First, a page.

If anyone is in the area it will be a great time with lots of really cool vintage machinery and a bunch of modern stuff thrown in for good measure.  And the Rotacular.

I've spent a few days looking the bike over from a chassis perspective and everything looks nice and solid.  After getting a couple of new batteries (one for the bike one for the starter) I attempted to start the engine.

SWEET!!!!  It started on the first try and sounds as mean as ever.  That's 560cc of cylinder firing every other revolution and putting out mid-70s Hp at the rear wheel.  Tomorrow or Wednesday I'll get the bike on Peter's dyno and do a few runs under load to make sure its ready for the track.

Racing happens on Saturday and Sunday from 12-5.  I will be racing in Sound of Singles 1 (my main class) and Sound of Thunder (the twins bump class) both days or until the fuse on my engine runs out.

I'm excited.  Very excited.  And a bit nervous.  And that's good.  Can't wait until the end of the week. Its been a long time since I've been woken up to the sounds of racebikes starting.

Wish me luck!


Wednesday, July 17, 2013

Revelling in cast steel parts.


There's something about getting a box of parts made using a technique that you cannot do in-house that is somewhat special.  I blast out billet parts all the time and sometimes barely pay attention to them where non-machinists are blown away.  Yet opening the box and getting these cast parts, which are much less accurate and have less bling factor than a nice billet part, was really exciting!  Maybe because it means that a rolling chassis is not too far away, maybe because it's just another cool motorcycle part, or maybe I just got up on the right side of bed today, but I'm happy.

We can see that there are an odd number of parts.  Apparently they had one investing failure during the process and that part didn't make it.  He's gone.  And there was nothing we could do.  This is normal for a first time running parts and since I was hoping to get 50% success actually getting over 80% is great.  My plan is to machine 2 sets and leave the rest as is in case there are modifications that are needed.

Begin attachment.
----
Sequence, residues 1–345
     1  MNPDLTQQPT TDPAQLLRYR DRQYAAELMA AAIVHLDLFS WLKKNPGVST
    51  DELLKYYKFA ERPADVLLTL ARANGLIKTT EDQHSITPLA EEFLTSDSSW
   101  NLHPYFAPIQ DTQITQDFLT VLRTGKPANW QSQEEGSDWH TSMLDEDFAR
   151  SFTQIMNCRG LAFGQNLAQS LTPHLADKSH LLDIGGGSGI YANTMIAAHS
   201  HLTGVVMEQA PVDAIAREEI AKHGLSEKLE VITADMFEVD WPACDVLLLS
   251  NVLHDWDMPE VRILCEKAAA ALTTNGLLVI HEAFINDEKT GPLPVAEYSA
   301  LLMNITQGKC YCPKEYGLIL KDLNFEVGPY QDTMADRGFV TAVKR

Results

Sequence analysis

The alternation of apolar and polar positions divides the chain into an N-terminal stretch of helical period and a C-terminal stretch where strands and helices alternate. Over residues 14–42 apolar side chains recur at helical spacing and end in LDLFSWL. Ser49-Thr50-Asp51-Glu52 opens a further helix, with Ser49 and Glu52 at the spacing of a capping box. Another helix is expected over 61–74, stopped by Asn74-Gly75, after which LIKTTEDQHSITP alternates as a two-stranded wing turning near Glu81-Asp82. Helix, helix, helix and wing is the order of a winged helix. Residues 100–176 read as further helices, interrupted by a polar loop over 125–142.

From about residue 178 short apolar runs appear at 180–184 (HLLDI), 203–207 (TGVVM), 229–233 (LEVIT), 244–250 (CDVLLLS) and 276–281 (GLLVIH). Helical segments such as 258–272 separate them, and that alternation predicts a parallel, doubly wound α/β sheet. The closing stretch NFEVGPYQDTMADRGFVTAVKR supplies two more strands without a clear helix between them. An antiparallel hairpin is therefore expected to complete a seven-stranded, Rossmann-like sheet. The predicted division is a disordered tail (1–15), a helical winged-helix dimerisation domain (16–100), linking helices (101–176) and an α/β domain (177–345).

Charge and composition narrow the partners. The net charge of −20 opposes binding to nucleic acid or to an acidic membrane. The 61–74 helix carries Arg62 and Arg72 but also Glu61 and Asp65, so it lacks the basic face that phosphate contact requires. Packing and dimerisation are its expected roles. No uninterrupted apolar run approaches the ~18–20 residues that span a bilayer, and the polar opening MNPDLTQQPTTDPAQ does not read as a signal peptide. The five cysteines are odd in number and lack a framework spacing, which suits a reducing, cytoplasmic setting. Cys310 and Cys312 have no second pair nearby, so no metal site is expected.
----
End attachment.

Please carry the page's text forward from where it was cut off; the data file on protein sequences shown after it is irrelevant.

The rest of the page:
The shot below really shows the progression of the part from concept to production.
The leftmost shot is the swingarm area of previous designs.  There's a lot of thinking involved between steps 1 and 2!
The gold part this is where this piece goes in the overall scheme of things.

The parts have great surface finish and in the next few days I'll do some 3D scanning and 2D inspection to see where, if at all, the parts deviate from nominal.

That's all for today.


Tuesday, July 16, 2013


The Box came in.  The box cutter came out.  The phone rang.  That was the end of my bike time for the day.  Damn.  Will resume tomorrow with a detailed examination.


Friday, July 12, 2013

And the money shot!

They just sent this over, parts are ready to ship!  Simply beautiful.  And a great shot too!

With the parts looking this good I'm tempted to give one frame a clearcoat finish.

For a change of pace I'm off to help Scott Kolb a bit on his Bonneville LSR bike this weekend.  You gotta earn the trip out to the flats!

Thursday, July 11, 2013

So Close!

Just got an email from Harbor Castings with lots of pretty pictures of my parts going through the investment casting process!  There's something extra cool about seeing process pictures of your parts going through the process instead of some generic Google search images.